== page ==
Royal Canadian Air Force Extends CH-146 Helicopter Service Life

Royal Canadian Air Force Extends CH-146 Helicopter Service Life. Ottawa plans to upgrade its 85 Bell CH-146 Griffon Utility Helicopters fleet to extend the life of the aircraft to at least 2031. The Royal Canadian Air Force (RCAF) has announced that Textron Canada will carry out the necessary design and development work to update the helicopter's avionics, engines, cockpit screens and integrated sensor systems.

Pratt & Whitney Canada claims to have been selected to replace fleet engines with its PT6T 9 TwinPac, equipped with an electronic engine control system. The design and development work is valued at USD 67.4 million and will be executed under the existing support contract for CH-146, which was awarded to Bell in 2011. The government announced.

Royal Canadian Air Force Extends CH-146 Helicopter Service Life

Royal Canadian Air Force Extends CH-146 Helicopter Service Life

Once the initial design phase is completed, a separate contract must be awarded to begin life extension work in 2022, says Ottawa. The total value of the Griffon Life Extension program will be approximately USD 600 million.

"The tactical helicopter's capability is absolutely critical to the success of all military operations," said Harjit Sajjan, Minister of National Defense of Canada. "With these improvements, we make sure our military can continue to rely on this proven helicopter for many years."

The RCAF uses the Griffon helicopter to transport tactical troops, reconnaissance, escort and surveillance, evacuation of victims, disaster relief, air support for special operations and search and rescue missions. rescue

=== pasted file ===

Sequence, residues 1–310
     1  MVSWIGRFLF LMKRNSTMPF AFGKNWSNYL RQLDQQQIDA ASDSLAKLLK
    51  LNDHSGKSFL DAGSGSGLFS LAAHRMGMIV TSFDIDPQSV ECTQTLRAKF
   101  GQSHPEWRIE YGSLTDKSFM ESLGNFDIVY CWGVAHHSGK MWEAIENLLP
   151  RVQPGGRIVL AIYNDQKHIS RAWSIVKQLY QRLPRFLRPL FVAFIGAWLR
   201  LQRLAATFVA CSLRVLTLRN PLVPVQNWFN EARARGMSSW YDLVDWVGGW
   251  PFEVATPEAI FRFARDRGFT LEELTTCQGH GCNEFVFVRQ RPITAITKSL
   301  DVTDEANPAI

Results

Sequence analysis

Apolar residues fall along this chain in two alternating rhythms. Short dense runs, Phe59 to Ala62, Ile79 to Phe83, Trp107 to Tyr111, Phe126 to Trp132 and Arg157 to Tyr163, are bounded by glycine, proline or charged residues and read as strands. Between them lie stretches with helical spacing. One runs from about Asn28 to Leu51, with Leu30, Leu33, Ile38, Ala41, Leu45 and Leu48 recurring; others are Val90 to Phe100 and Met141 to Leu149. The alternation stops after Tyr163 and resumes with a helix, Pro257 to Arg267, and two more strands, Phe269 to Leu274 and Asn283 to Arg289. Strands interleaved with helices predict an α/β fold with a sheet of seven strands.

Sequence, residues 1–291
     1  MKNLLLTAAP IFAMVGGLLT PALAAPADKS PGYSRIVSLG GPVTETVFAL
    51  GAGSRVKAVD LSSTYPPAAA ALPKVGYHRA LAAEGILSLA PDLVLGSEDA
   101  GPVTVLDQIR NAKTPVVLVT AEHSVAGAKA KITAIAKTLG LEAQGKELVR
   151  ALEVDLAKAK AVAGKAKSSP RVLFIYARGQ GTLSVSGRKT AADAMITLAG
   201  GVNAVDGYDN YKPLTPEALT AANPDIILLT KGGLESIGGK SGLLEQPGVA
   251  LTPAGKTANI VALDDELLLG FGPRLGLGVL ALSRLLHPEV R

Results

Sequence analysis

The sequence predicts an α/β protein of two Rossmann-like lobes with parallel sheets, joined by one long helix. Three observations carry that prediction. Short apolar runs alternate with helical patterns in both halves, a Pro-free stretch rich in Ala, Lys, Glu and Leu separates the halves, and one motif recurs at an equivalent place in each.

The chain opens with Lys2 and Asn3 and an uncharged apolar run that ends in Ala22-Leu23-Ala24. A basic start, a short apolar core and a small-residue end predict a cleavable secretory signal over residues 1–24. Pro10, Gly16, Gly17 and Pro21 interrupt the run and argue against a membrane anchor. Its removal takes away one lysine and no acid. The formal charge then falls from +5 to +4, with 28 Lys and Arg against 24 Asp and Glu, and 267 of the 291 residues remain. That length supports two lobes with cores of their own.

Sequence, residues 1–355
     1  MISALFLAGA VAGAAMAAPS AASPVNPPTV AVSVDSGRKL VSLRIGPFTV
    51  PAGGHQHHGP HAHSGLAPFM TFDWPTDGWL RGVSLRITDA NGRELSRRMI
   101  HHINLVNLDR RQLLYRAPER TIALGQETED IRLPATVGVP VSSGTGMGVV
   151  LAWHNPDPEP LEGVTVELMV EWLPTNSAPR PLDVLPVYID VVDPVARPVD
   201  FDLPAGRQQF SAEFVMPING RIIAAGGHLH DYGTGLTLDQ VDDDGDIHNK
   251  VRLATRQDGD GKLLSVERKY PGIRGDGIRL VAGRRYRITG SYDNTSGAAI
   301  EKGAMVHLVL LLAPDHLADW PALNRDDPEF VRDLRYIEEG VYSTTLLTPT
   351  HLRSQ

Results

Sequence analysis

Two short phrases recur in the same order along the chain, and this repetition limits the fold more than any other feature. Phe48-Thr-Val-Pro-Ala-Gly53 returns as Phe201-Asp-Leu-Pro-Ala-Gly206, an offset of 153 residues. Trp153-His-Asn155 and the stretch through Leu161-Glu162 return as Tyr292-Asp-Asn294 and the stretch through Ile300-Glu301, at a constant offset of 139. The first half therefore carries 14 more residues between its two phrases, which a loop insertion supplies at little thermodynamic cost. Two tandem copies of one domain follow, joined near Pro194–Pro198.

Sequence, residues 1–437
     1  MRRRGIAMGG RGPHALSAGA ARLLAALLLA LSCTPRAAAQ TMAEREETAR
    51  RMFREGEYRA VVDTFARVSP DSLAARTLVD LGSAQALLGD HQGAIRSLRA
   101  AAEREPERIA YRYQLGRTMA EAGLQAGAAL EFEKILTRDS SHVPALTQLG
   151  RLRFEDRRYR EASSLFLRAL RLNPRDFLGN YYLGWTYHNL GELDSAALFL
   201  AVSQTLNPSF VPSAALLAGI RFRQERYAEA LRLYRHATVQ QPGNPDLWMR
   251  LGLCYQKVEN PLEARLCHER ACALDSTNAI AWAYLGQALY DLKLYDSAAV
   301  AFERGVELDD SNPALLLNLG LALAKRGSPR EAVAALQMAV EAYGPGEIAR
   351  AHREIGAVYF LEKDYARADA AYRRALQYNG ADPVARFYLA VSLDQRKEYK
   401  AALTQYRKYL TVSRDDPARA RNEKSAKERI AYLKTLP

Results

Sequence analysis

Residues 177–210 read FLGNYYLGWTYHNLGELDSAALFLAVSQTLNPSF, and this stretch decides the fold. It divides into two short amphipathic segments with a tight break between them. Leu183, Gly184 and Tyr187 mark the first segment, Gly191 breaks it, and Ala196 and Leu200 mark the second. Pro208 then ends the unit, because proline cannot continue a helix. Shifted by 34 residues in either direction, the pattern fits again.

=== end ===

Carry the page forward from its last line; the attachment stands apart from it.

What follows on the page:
In addition to aircraft based in Canada, the Department of Defense has announced that five Griffons CH-146 are deployed as part of Operation Presence in Mali, a peacekeeping mission that provides an armed escort to the CH-147 Chinooks of the Forces.

Canadians Countries during medical evacuations and transport and supply of troops. The planes are also deployed as a means of transport for Operation IMPACT in Iraq, as part of the mission of the anti-Islamic State, and serve as tactical support and tactical transport for the mission of UNAMI. ARC in Afghanistan.

The aircraft is based on the Bell 412 commercial helicopter, a modern version of the Huey helicopter, which has two turbines and a main rotor composed of four blades. It can transport up to 15 people (two pilots, a flight engineer and 12 passengers), a maximum gross weight of almost 5,400 kg (11,905 lb) and a maximum speed of 140 kt (260 km/h).

The Griffon RCAF fleet has an average age of 21.7 years. While extending the life of the aircraft to at least 2031, Canada has announced that it will begin investigating the next generation of utility tactical helicopters.